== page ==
EDITORIAL: Citizens have the power to fight corruption

This year’s Corruption Perception Index is very damning. Transparency International says that the global perception is that governments are doing very little to tackle the vice, especially the Sub-Saharan region which was the worst performer.

On a scale of 0-100 Sub-Sahara paints a bleak picture of 32/100, but the most worrying of all is that worldwide, many countries are showing little or no improvement to tackle corruption.

In the East African region, the picture is not any better, and even though Rwanda scored the highest, it dropped three points to hit 53. South Sudan (12/100), DR Congo (18/100), Burundi (19/100) need our prayers.

The same goes for Uganda and Kenya which scored a joint 28/100 and Tanzania (37/100) the only of the six to beat the African average. That is poor showing even though the three countries earned a few extra points. As for Rwanda, there is no reason to smile or shift blame for what should be considered a poor score.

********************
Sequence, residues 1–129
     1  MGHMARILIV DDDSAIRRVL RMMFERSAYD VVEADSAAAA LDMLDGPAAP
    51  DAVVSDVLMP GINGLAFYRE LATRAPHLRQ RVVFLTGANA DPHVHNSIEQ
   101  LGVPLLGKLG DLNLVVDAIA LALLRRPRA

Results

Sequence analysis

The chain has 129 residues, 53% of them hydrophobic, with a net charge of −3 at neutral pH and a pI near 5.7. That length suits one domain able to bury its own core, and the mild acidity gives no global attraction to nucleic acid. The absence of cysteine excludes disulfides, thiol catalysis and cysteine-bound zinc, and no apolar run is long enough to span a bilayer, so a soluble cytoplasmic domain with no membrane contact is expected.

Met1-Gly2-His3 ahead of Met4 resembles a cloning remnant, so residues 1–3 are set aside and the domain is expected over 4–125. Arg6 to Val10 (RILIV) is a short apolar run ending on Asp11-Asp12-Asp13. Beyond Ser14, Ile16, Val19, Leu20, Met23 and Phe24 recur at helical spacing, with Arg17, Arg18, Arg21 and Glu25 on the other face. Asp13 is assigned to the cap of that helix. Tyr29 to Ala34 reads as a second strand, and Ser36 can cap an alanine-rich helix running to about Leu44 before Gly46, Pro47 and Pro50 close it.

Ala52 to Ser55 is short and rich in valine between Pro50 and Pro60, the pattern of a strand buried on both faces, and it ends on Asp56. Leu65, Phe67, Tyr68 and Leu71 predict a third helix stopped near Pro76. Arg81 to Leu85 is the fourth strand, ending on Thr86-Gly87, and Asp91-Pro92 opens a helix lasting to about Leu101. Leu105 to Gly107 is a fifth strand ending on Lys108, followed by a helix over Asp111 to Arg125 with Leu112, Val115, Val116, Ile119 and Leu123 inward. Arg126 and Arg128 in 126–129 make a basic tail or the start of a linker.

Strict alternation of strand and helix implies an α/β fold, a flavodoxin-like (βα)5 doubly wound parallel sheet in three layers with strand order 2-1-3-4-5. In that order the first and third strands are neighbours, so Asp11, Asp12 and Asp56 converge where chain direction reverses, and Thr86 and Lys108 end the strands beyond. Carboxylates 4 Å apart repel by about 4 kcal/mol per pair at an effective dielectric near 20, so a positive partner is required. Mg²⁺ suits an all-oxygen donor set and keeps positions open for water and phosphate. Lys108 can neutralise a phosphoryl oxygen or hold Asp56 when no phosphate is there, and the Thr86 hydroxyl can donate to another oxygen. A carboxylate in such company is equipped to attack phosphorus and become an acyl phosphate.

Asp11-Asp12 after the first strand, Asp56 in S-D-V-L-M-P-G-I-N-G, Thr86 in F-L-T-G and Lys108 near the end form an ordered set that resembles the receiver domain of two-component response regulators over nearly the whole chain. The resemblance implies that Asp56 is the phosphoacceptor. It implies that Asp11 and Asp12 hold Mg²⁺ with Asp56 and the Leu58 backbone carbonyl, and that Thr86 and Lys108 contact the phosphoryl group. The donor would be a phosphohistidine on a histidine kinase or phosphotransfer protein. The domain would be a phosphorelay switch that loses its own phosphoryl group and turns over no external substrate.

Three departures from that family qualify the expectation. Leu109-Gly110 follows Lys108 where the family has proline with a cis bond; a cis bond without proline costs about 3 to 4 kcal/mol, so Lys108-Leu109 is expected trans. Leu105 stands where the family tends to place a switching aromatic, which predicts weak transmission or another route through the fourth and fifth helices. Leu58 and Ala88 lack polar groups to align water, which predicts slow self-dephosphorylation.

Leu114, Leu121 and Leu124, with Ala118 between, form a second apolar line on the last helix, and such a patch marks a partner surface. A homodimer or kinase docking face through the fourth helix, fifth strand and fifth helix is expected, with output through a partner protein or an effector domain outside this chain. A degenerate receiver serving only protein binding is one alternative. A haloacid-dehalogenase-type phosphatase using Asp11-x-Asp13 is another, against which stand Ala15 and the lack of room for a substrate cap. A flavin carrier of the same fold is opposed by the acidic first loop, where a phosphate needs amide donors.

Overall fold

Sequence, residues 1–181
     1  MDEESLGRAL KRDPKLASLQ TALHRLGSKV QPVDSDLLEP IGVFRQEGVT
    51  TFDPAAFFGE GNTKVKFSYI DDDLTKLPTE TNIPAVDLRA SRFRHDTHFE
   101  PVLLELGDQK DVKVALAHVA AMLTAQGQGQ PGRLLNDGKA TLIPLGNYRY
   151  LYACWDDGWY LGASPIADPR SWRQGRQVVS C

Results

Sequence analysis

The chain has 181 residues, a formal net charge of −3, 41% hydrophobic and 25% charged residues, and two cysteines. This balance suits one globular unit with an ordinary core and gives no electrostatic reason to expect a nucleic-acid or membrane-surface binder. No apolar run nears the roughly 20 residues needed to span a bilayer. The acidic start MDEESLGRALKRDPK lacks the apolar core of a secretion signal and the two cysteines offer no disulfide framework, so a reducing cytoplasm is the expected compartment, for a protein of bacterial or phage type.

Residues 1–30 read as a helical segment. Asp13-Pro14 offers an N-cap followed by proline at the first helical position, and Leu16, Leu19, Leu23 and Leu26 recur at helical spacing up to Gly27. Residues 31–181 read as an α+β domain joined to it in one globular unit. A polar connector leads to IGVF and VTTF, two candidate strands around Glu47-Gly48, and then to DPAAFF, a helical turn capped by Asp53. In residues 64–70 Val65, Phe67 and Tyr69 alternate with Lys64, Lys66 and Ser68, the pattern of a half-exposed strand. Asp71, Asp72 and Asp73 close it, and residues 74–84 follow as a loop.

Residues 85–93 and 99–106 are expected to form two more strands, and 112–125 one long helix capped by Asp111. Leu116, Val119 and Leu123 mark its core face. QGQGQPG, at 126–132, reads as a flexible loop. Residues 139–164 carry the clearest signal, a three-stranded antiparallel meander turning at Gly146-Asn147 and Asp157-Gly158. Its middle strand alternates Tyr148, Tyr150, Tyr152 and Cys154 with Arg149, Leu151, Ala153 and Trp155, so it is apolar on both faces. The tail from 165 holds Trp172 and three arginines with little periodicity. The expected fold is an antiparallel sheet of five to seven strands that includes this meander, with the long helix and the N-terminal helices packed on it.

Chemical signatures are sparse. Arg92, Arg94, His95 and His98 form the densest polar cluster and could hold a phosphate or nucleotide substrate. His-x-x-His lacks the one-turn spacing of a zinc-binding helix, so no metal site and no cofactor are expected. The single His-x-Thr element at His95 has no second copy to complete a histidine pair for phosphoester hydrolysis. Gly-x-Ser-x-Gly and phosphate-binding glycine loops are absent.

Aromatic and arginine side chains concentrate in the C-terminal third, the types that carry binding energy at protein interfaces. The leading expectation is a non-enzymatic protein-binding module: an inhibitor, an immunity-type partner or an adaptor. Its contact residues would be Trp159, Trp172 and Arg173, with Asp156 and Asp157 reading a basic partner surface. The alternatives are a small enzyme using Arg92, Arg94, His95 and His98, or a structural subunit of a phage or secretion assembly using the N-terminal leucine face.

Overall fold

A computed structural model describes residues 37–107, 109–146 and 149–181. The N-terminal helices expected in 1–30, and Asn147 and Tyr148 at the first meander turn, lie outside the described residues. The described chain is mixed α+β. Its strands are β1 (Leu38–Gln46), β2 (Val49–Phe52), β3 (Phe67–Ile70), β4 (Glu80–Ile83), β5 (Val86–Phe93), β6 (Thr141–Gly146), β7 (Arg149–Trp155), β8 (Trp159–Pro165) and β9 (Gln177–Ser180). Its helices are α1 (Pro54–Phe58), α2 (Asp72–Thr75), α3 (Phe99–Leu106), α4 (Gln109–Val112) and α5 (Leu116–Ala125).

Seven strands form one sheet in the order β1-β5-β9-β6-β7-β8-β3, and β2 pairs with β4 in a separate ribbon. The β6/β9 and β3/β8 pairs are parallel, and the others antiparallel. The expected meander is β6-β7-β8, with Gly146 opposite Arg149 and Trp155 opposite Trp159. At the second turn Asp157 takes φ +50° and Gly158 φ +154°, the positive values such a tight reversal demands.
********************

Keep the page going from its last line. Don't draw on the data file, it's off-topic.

With all the efforts put in to fight corruption, we deserve better. The Ombudsman’s Office and other stakeholders have work to do to move the country from the “average” position even if it came out 51st out of 100 countries.

We should not be consoled that we did better than our neighbours; it is not a competition but a domestic mission to clean up this country to the best of our ability.

But then, we should also give credit where it is due to the tireless work done to rid the vice out of our midst. And as the TI survey found out, many citizens believe it is in their power to uproot corruption. Let’s get to work.


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